Tuesday, March 3, 2009

Heading West

I much prefer the train to the bus and the little, narrow-gauge train I am on, chugs along, designed as a local route to haul workers and minerals. It is a wonderful way to see the countryside as the train often goes through areas with no roads. My feet are happy for the rest of the many hours long ride as they are sore and one has a blister the size of my thumb from hours pounding the pavement scouting out the health food stores and sites of my destinations.
The woman at the Bilbao Post office thought I was a pilgrim on the road to Santiago as I was donned with my double-pack look, one on the front and the other on my back. I let her believe this as I am on my way to Santiago and it will take me two days to reach it, and then will do my own walking pilgrimage at the end of the world, in Fisterra. In her brief kindness I caught a glimpse of the camaraderie, solidarity (a word the Spaniards love and use a lot), and compassion that camino travelers encounter all the time.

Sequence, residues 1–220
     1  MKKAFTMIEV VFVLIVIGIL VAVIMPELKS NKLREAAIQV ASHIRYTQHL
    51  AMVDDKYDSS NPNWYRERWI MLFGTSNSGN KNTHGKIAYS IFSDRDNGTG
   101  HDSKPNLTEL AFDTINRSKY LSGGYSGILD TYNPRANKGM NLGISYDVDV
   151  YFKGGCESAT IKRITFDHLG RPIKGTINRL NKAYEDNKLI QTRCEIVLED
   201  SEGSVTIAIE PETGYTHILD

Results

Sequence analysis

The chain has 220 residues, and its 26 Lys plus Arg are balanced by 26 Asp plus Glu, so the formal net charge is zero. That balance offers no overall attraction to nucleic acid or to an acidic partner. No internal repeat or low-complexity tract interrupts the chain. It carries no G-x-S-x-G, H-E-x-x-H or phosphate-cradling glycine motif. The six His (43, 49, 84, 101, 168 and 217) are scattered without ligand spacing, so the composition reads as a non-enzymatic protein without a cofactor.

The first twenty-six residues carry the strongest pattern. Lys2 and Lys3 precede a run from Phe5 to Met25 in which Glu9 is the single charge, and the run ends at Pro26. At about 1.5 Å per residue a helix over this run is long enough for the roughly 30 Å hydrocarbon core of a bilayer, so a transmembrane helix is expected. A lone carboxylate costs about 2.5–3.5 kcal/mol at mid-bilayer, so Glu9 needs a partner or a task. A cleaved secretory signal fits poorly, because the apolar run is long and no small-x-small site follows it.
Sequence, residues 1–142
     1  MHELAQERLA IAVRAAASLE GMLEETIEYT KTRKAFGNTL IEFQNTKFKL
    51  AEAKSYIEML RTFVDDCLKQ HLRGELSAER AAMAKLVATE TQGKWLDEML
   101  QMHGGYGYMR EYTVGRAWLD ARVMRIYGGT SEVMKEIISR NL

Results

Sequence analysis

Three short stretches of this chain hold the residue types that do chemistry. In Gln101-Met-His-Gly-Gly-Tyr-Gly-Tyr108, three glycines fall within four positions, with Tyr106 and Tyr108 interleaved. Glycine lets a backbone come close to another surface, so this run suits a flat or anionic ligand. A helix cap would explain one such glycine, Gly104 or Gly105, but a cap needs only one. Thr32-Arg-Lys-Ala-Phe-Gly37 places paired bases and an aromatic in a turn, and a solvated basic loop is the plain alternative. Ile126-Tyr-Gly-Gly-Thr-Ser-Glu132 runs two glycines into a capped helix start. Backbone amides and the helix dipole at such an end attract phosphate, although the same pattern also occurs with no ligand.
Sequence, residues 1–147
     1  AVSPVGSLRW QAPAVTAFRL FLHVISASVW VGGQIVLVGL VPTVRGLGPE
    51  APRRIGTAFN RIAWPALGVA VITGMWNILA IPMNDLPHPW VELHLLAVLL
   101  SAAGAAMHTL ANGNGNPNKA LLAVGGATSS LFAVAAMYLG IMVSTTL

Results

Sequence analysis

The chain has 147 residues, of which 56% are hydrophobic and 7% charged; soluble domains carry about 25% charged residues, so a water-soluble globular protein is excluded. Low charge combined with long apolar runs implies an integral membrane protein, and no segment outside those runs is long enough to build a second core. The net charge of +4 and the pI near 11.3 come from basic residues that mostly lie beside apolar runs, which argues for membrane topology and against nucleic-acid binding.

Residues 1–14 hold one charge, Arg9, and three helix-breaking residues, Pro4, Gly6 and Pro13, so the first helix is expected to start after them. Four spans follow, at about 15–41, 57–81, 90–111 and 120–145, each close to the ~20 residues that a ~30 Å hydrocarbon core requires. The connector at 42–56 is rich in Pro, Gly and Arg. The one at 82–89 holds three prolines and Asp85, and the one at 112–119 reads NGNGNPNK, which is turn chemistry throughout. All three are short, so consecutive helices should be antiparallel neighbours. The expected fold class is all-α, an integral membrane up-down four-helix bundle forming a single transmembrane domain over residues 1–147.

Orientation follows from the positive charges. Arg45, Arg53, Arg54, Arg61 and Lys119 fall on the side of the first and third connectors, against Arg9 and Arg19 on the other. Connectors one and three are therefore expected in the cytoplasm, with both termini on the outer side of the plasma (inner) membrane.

The train I am on follows various camino routes. This is mountainous terrain (I am told that Spain is second only to Switzerland in most mountainous country in Europe) and I am most grateful to not be on a bus, which even if you are not prone to car-sickness, can make you woozy as they twist and turn around the sometimes hairpin curves of the mountain roads.
The train snakes its way through the Picos de Europa mountains, farmland, forests, with tiny glimpses of the ocean. Makes you feel as though you could be walking or biking through the bucolic setting.

So I am on the regional FEVE trains making my way from Bilbao west to Santander, through the regions of Cantabrias and Asturias, referred to as the "green" coast because it is so lush, with my final destination in the region of Galicia in northwestern most Spain.

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